Source: British game-news outlet GamesIndustry.biz.
What we heard: As the 2009 Game Developers Conference heated up last week, so too did the game-industry rumor mill. The spark was a report on GamesIndustry.biz bearing the seemingly unequivocal headline "Blizzard in talks with Microsoft for next Xbox."
The title alone stirred up a frenzy, given that Blizzard Entertainment's World of Warcraft is the biggest massively multiplayer online game on the planet. Its nearly 12 million subscribers help Blizzard--one half of Activision Blizzzard--generate over $100 million in revenues each month. Were any console-maker to successfully woo the notoriously PC-focused developer-publisher, the resulting royalties and sales would give it a major leg up in the tooth-and-nail console wars.
Unfortunately, the body of GI.biz's story was much less sturdy than its head implied. "Speaking at the Luminaries Lunch today during the Game Developers Conference in San Francisco, Pardo would only state that Blizzard is actively in discussions with Microsoft, seemingly confirming the development process of new console hardware is under way." (Emphasis added.) The Luminaries Lunch was a small event reportedly organized by Acclaim chief creative officer and industry insider David Perry.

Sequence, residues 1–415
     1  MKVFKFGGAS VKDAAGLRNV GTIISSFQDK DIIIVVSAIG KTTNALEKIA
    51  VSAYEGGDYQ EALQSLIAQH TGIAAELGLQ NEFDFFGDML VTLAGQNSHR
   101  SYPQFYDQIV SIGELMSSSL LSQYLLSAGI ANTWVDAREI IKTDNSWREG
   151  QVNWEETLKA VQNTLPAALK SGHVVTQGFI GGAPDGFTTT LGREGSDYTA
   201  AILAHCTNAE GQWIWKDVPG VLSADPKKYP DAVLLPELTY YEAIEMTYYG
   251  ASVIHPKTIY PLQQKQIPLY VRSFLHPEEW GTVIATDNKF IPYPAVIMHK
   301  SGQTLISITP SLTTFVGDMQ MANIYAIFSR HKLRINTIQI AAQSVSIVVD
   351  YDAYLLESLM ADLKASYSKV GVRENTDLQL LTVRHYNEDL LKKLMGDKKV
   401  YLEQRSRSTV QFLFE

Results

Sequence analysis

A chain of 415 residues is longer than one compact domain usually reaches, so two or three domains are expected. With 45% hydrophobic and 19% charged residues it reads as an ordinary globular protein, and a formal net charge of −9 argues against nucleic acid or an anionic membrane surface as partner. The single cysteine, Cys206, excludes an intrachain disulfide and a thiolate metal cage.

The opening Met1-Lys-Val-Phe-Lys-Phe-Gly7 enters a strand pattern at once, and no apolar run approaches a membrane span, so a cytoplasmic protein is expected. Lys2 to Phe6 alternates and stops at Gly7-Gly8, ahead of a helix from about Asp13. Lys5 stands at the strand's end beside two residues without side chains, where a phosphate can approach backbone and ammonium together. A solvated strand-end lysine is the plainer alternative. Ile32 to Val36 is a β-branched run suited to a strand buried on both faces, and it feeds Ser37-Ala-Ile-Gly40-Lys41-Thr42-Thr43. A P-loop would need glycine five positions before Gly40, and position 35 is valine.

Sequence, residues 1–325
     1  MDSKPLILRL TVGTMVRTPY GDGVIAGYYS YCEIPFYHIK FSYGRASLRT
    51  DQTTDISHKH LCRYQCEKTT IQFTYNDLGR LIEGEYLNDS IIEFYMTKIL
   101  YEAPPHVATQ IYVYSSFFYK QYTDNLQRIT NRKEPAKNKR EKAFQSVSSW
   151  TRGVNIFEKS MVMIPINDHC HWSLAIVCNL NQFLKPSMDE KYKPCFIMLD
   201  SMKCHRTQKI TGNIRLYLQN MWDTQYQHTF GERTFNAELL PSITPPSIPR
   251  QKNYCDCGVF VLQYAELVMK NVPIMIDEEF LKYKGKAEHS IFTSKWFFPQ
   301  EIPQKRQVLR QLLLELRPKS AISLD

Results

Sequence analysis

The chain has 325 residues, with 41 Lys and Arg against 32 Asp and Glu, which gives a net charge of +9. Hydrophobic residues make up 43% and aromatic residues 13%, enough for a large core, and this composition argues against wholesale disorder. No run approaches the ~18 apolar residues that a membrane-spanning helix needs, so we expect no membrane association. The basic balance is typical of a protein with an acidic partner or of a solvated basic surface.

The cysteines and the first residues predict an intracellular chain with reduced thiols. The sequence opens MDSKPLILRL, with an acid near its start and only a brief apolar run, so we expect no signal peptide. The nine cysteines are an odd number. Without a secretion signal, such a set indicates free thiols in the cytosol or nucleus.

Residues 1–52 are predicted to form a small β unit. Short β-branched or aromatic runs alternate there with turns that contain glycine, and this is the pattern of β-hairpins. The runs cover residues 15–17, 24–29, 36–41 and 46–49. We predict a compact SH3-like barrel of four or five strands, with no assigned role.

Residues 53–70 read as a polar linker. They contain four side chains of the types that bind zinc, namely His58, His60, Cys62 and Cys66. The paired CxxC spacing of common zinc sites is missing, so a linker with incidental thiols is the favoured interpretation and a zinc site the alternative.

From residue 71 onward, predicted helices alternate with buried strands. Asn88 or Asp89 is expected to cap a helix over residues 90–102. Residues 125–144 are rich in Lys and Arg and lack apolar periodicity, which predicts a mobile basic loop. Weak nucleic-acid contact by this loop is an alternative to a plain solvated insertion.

The official story: When contacted by GameSpot, Blizzard reps shot down the GI.biz story outright, saying the outlet had not even followed up with any inquiries attempting to clarify Pardo's remarks.
"In the Lunch with Luminaries discussion, Rob said that Microsoft occasionally bounces ideas off of us, with no specific reference to any possible future consoles," said the rep. "This should come as no surprise, as our games run on Microsoft's PC operating system. We aren't in discussions with Microsoft regarding any future consoles." (Emphasis added.)
Bogus or not bogus?: Bogus. That said, though, Blizzard has publicly stated that a console MMORPG is theoretically viable. Several real-time strategy games--Blizzard's other specialty--have already been on consoles, but the profitablity of the genre outside the PC realm remains unproven.
If the console market continues to expand at its current rate--and is not disrupted by an OnLive-type service--the publisher would be foolish not to expand into it. For the moment, though, any such move appears to be a ways off--officially, anyway.